Christmas, in 2019 America, is as much a secular holiday as it is religious. It caps the annual era of good feelings that starts with Thanksgiving and lasts until 11:59 pm on December 25th. We’ve often taken the interstice between Christmas and New Years as a celebratory dead zone—a time to recover and prepare for the seeing-out of the old year. History has proven that December 26th has been a date with ups and downs, ranging from the Revolutionary to the mundane. It was the Day after Christmas in 1776 when Washington crossed The Delaware to deliver a punchy Revolutionary War victory over the British in Trenton. And there’s the day after Christmas in Year Zero, when hungry shepherds loitered around a crowded stable, a young mother picked hay-straw out of a child-king’s swaddling, and Jesus’s stepfather huffed frankincense while imploring an innkeeper to let them stay another day in the manger.
Washington crossed the Delaware, ok. Baby Jesus is a day old, ok. Meh. I’m taking a nap.
Some cultures around the world, including our Canadian friends to the north and our greatest allies across the pond, celebrate December 26th with vigor. Most United Kingdom countries refer to the day after Christmas as “Boxing Day.” This celebration started as a time for the gentry to provide servants and workers with gifts and gratuities in “boxes” as rewards for their hard work on Christmas Day. Boxing Day has since, in many of these countries, evolved into a legal day off for engagement in conspicuous consumerism.
Other nations have designated a single day to celebrate what we, Americans, have ingrained into our everyday activities for that period between Thanksgiving and Christmas. Every holiday, really, from Memorial Day to Easter to Independence Day to Thanksgiving to Christmas, is an opportunity for Americans to take a day off and conspicuously consume. Every day, holiday or not, in America is an opportunity to give gratuities and display generosity.
So, we, the wealthiest and most generous people in the world, don’t need a Boxing Day like our friends in other countries have.
But maybe, this year, we should consider our own Boxing Day, with a uniquely American twist that nods to our special institutions and our fanatical approach to civics. In 2019, we can have an unofficial “American Boxing Day.” It can mark the end of the good feelings with which the Christmas spirit coats the land. Glitter, bows, and twinkling lights will give way on this American Boxing Day to something more pugilistic. December 26, 2019 is the day when the gloves will come off in the 2020 national political contest. The Democrats have been, except for some whispered homophobic and ageist insinuations coming from the fringes, respectful and mostly reserved in their broad-fielded primary campaigning. They’ve been more consumed with their eventual general election foe (who, by the way, is a full-time, year-round bare-knuckler) than with each other. That is about to change.
Expect the boxing to commence.
From Thanksgiving to Christmas this year—the theater of impeachment, notwithstanding—the American people have seen fit to be on their better behavior. Yes, this has been Americans at our best-possible given the polarizing forces that are constantly ringing bells around us. But on this American Boxing Day in 2019, expect the free-for-all to commence. The Fringes will come swinging for the Centrists who know deep down that floating like butterflies must be matched with bee-like stinging.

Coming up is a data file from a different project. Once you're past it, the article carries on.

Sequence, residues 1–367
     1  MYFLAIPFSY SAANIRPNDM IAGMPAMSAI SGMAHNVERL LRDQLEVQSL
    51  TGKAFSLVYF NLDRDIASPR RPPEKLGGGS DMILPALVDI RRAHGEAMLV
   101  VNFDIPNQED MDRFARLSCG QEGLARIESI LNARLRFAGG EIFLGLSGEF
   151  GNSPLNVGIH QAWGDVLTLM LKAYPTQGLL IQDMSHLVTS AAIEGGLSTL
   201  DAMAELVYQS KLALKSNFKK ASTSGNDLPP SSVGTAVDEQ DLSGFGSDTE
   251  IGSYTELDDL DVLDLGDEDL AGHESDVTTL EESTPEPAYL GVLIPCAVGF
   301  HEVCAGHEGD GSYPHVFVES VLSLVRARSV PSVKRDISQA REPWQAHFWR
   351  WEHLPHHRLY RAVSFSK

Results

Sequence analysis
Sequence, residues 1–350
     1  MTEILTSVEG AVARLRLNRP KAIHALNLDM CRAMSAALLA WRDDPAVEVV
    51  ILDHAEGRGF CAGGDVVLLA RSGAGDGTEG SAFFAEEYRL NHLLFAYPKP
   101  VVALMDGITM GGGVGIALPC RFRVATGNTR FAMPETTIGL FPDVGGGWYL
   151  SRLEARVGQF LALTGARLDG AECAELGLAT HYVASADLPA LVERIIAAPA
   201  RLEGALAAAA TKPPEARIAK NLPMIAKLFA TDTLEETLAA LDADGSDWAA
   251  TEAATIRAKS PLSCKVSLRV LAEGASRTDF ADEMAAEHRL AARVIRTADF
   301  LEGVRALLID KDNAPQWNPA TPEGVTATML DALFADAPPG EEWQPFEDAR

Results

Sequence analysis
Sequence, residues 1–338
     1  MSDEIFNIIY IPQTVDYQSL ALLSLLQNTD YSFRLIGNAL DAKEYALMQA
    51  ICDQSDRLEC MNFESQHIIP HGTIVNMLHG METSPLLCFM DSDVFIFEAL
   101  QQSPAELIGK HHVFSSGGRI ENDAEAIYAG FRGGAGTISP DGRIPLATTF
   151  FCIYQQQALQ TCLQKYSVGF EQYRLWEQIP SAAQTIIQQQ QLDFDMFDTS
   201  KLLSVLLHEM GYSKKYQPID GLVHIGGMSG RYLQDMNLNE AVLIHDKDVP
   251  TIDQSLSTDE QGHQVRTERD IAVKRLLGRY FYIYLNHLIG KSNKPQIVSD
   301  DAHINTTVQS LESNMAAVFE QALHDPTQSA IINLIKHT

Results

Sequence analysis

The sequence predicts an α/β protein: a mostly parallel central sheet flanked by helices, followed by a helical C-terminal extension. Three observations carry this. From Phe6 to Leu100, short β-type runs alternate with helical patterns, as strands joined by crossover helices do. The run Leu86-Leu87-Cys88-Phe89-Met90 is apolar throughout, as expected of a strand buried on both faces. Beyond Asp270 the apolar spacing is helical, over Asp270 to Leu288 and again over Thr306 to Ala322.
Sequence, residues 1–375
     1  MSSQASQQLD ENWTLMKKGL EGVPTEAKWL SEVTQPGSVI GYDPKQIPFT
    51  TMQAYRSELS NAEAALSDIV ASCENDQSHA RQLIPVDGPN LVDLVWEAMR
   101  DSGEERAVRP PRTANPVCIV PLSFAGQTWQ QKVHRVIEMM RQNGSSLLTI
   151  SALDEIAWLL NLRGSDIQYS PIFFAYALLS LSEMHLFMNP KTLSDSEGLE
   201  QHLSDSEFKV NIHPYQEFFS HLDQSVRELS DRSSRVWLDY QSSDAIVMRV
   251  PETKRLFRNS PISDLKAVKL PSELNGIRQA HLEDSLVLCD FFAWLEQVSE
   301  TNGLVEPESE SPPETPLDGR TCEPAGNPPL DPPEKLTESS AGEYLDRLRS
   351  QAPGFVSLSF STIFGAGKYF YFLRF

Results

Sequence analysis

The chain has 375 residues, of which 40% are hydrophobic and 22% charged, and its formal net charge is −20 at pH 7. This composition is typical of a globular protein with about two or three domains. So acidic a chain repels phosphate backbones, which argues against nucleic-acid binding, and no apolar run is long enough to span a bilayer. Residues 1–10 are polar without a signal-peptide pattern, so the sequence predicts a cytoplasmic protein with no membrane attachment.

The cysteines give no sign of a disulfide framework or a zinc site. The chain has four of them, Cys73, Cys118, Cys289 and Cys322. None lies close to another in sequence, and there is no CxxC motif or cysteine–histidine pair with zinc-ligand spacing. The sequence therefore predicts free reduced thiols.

Get ready to duck, Mayor Pete, and to hear, “You aren’t gay enough.” Set your feet and swing back with reasonable policy and steady, sustainable jabs.
Get ready to weave, Mike Bloomberg, and to hear, “You’re too rich.” Swing back with a proven record of executive leadership, entrepreneurial genius, and active philanthropy.
Get ready to counter, Joe Biden, and to hear, “You’re too old and white.” Swing back with a long career of public service and alignment with good ol’ Barry O.
More rough-and-tumble will be the radical progressives swinging at each other as they fight for the same insular set of ultra-vocal voters who will prove to be much smaller, more intransigent, and less given-to-compromise than pollsters have let on. Watch the punches fly wildly and without a view to the fifth and sixth rounds.
On this American Boxing Day, 2019, we will see what little bit of restraint the current President has exhibited fly out of the ring. There will be blows below the belt and sucker punches. We will see a rumble—rowdy fans throwing chairs and fighting amongst themselves in the stands—unlike anything we’ve seen since the Jacksonian Era.
This American Boxing Day 2019 will be less a celebration of American generosity and neighborliness than it will signal the first round of a big, nasty fight: brothers against brothers, neighbors against neighbors, Americans against Americans. Be ready for the media-elites to hype and instigate from their microphone dangling at the center of the squared circle.
The traditional Republican and Democrat Parties will fight amongst themselves while also trying to fight against each other. Fists will fly without account, and the nation will endure eleven months of bruising, scraping, jaw-crackling fighting. Don’t count on another Electoral College TKO; the winners of Election 2020 will need to deliver a legitimate, Battle-of-Trenton-like knockout: quell this discord, baby-Jesus-like, and end the fighting.
But for now, let’s get ready to rumble!
Happy American Boxing Day.